5. Evaluating – Do you think it’s good for people to be different from each other, or should we all be the same? Why or why not?
6. Creating – Can you make a list of words that describe you? Use the words to make a list poem about yourself.
" said.

"This children's fiction book is brilliant. Firstly, the images are amazing and extremely diverse. The book insinuates that children are born exactly how they are and they should love it. The wording is short and simple for little children. The pictures also show the different skin tones coming together to have a picnic together. The author compares the skin tones to nice food like cocoa, and cream. This comparison allows room for the normalization of what one child may look like. I love that there is a family represented in the book that is biracial. Overall, the quality of the book is a 5-star rating for me." said.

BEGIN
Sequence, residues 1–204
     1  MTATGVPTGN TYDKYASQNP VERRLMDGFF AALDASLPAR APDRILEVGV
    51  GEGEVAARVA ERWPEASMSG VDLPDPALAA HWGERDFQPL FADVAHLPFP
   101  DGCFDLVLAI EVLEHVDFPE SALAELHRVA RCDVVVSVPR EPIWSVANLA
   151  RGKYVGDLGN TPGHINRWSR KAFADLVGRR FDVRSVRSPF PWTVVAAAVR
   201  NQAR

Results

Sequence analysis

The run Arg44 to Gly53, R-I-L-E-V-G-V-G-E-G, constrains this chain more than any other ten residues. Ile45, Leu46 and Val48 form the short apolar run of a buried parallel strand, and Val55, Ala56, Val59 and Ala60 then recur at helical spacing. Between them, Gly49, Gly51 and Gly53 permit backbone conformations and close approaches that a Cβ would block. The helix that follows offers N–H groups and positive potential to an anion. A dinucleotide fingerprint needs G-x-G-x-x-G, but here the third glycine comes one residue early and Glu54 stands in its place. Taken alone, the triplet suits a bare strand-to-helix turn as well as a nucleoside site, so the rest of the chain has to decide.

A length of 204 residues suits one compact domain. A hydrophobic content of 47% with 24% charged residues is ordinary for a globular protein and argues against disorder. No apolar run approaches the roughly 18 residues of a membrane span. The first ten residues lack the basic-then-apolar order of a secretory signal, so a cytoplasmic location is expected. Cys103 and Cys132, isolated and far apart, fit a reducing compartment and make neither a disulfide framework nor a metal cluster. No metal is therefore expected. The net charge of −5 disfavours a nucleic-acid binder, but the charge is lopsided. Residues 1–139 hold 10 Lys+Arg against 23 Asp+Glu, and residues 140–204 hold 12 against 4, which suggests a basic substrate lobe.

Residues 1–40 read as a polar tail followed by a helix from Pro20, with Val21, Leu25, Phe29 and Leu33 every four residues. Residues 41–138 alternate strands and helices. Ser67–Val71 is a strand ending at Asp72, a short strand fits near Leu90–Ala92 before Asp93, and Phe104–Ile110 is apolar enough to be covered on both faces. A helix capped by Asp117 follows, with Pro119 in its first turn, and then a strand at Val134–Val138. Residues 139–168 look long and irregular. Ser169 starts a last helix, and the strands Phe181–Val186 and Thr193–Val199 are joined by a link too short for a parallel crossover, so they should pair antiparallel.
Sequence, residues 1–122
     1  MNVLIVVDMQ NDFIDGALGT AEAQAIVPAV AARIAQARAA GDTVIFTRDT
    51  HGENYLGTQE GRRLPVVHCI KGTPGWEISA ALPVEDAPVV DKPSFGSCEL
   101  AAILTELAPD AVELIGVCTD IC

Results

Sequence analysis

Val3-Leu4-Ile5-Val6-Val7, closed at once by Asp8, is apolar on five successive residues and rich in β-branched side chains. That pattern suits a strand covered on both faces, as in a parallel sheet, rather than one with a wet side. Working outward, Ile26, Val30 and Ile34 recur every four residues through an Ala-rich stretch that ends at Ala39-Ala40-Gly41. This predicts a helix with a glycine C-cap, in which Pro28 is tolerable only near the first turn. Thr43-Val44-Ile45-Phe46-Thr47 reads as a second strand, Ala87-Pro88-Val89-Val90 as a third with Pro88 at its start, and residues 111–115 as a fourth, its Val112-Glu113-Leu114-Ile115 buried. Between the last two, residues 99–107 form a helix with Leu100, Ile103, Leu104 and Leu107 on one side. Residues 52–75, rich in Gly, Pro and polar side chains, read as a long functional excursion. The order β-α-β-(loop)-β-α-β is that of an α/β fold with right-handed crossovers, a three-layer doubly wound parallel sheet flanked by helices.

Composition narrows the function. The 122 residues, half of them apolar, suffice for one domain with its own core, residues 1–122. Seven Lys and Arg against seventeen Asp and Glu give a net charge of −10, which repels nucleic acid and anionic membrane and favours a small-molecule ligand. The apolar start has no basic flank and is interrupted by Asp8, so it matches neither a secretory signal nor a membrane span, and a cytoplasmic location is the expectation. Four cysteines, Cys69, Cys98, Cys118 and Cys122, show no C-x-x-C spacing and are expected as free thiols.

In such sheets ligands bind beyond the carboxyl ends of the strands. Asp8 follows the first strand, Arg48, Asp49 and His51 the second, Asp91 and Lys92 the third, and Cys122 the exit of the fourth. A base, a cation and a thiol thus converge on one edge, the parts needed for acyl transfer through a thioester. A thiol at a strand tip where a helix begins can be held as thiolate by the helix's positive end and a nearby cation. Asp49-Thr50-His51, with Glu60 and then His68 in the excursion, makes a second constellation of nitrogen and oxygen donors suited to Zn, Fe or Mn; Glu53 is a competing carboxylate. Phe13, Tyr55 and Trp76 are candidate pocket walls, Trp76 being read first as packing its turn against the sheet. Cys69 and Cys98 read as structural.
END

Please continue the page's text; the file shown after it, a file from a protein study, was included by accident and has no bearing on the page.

" A family with parents of different races is prominently featured throughout this book. " said.

" Simple rhyming picture book about our amazing skin and all the wonderful colors it comes in. " said.

April 2018 New Book: